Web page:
Aliffian arief

Feeling Anxious? Here’s One Tool to Manage Your Thoughts

Anxiety disorders are the most prevalent mental health conditions in Australia, impacting 3.3 million of us. Feelings of nervousness and worry without the ability to calm down, feeling tired easily, having difficulty concentrating or sleeping, and muscle tension are all common symptoms of anxiety. Because of the way these manifest – developing over time – it can be hard to know exactly when to seek support.

RELATED: What is GEM and Why Is It the Key to Resilience?

Nik shuliahin 💛💙

Image: Nik Shuliahin

There are several types of anxiety disorders, the most common being Generalised Anxiety Disorder (GAD) or social anxiety disorder. These can be diagnosed by a health care professional (doctor, psychologist, therapist) using the ‘K10’, an evidence-based checklist that asks you ten questions about feelings and emotions you’ve had over the previous four weeks. Questions aim to understand how tired you’ve been, how often you’ve been nervous, how often that nervousness has meant you could not calm down, how often you feel hopeless, and more.

Anxiety is often called the ‘What If?’ disorder. Those with diagnosed Generalised Anxiety Disorder (GAD) or other anxiety-based symptoms tend to think in the ‘What If?’. For instance:

  • Everything is fine now, but what if something changes?
  • I love this person, but what if they don’t love me?
  • I’m doing good work, but what if my boss doesn’t think so?

By thinking in this negative pattern that does not represent the facts as they are now, anxiety can get the better of us.

As you can see above, anxiety’s trick is to make you focus on the future instead of the present. This is bad for several reasons, the first simply being that you worry where you often need not. Secondly, when your brain questions and worries about what will happen in the coming days, weeks and months, you miss out on the joy that can be the present.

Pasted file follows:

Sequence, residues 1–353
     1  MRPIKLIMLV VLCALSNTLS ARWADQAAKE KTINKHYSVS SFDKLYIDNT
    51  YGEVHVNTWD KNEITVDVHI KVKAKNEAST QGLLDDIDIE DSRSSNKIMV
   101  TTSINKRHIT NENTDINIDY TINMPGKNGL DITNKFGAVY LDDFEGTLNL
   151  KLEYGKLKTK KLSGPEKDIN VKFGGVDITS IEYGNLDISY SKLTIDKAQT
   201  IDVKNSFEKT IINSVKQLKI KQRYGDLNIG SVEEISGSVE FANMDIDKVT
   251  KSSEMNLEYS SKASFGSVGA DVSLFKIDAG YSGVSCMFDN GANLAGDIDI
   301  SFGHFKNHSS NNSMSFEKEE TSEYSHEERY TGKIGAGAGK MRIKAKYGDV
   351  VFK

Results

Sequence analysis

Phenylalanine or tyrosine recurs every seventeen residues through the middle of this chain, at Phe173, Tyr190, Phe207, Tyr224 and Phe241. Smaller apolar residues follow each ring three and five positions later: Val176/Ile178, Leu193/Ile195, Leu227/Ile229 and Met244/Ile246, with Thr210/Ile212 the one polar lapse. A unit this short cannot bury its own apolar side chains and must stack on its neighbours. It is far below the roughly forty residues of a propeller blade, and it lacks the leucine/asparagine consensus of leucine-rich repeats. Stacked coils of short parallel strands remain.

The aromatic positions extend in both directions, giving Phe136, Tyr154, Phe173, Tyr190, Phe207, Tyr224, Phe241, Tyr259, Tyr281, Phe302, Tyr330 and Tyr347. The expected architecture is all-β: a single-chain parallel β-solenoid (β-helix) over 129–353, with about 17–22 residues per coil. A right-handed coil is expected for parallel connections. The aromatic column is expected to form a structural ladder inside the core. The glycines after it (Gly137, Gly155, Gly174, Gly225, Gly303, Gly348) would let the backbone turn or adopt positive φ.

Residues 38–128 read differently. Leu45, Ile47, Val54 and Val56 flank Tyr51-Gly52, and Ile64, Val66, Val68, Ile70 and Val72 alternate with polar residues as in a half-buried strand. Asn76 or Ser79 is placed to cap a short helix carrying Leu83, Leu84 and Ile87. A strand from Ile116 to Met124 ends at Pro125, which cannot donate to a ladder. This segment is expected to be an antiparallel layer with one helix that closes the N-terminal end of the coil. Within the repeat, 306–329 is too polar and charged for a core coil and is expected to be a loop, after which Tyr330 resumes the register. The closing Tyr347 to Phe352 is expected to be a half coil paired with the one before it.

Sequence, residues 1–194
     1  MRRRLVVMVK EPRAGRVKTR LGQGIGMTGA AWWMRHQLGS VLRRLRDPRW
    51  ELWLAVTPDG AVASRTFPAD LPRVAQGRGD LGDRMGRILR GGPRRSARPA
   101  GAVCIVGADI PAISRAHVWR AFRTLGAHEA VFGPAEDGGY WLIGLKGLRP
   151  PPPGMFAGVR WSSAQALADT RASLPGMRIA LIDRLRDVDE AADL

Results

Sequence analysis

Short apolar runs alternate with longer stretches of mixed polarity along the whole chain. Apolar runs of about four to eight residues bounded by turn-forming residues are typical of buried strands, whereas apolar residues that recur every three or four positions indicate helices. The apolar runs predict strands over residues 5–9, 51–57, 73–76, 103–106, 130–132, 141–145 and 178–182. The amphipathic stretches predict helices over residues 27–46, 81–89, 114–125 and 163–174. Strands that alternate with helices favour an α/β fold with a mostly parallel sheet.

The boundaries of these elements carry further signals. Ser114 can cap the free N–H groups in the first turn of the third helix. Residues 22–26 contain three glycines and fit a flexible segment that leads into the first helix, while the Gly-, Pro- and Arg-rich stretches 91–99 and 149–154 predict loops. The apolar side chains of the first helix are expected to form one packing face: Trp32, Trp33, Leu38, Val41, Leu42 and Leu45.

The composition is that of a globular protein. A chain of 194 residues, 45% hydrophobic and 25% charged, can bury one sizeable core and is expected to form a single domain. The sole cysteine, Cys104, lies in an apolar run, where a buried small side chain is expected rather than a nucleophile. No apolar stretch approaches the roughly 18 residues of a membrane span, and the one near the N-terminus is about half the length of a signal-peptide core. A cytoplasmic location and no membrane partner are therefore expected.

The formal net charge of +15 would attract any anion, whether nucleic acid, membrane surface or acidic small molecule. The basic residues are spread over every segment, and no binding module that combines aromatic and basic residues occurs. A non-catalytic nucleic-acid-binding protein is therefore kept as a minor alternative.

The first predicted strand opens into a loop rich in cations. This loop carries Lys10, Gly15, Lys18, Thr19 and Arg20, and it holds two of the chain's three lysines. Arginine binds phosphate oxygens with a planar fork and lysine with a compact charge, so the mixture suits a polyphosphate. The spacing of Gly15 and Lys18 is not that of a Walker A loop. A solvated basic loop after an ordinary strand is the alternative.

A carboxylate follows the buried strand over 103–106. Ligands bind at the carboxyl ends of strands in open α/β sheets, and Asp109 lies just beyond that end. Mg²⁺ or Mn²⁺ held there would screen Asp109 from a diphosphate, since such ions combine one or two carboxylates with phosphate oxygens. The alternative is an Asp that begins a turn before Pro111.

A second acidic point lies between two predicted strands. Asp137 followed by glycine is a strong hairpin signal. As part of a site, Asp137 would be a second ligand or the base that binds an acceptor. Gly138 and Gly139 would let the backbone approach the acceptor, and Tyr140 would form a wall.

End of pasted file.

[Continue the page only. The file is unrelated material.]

If your anxious thoughts are getting in the way of your day-to-day activities, it may be time to seek support from a professional. There are tools and tips that qualified therapists can support you with to help you focus on the present and diminish anxious thoughts (see our favourite, below). If that doesn’t work for you, your healthcare professional may be able to prescribe medication to help keep anxious worry at bay.

Fernando @cferdophotography

Image: Fernando @cferdophotography

EXERCISE: Progressive Muscle Relaxation

This exercise will take you through simple steps to relax your muscles, one-by-one, in a way that also brings your awareness back into your own body and your mind back to the present. Used to regulate your emotions and shut off a racing mind, Progressive Muscle Relaxation can be a great tool to help you to fall asleep if your anxious thoughts are repeating over and over in your mind.

  1. Start seated or lying down, in comfortable clothing if able. Remember to take your time, this is not a race.
  2. Become aware of how each of your toes feels. Are they rested or are they tight? Give them a little wiggle until they relax.
  3. Move up to your ankles. Do they feel stuck or loose? Shake them out until they relax. Start with the left one, then the right.
  4. How about your calves? Concentrate on relaxing them, too. You can do this by tensing them tight, and then releasing, as often as you need.
  5. Continue this pattern, moving up your body. Relax your knees, your thighs, your glutes, your genitals, your lower tummy. Take a deep breath in and out when you get to your chest, so you can stretch and release your ribcage.
  6. When you get to your arms, do the left first, and then the right. Wiggle each finger and stretch them out until they feel loose.
  7. Turn your neck from side to side, up and down, until it stretches and sits comfortably on your shoulders. Most of our tension is kept in the head and neck, so take your time with this part.
  8. Open your mouth as wide as you can, stretching and then relaxing your jaw. Once it’s unclenched, sit with your tongue resting softly at the top of your mouth.
  9. Slowly move your eyes under their lids from side to side, up and down, and around in circles. You should not feel like you’re frowning when your eyes are closed and relaxed.

About the authorBARE Therapy is an Australian-based counselling service. Certified Practising Counsellor, Tammi Sue, enables clients to work through their ‘stucks’ to live better lives. Find out more – @bare__therapy. 


BARE Therapy

BARE Therapy is an Australian-based counselling service operated by Certified Practising Counsellor, Tammi Sue. The Sydney-based sexual wellness, health and relationships expert enables clients to work through their ‘stucks’ to live better lives. Tammi is a Provisional Member of the Psychotherapy and Counselling Federation of Australia and received her training at the Australian College of Applied Psychology (ACAP) in 2020. Find out more – @bare__therapy.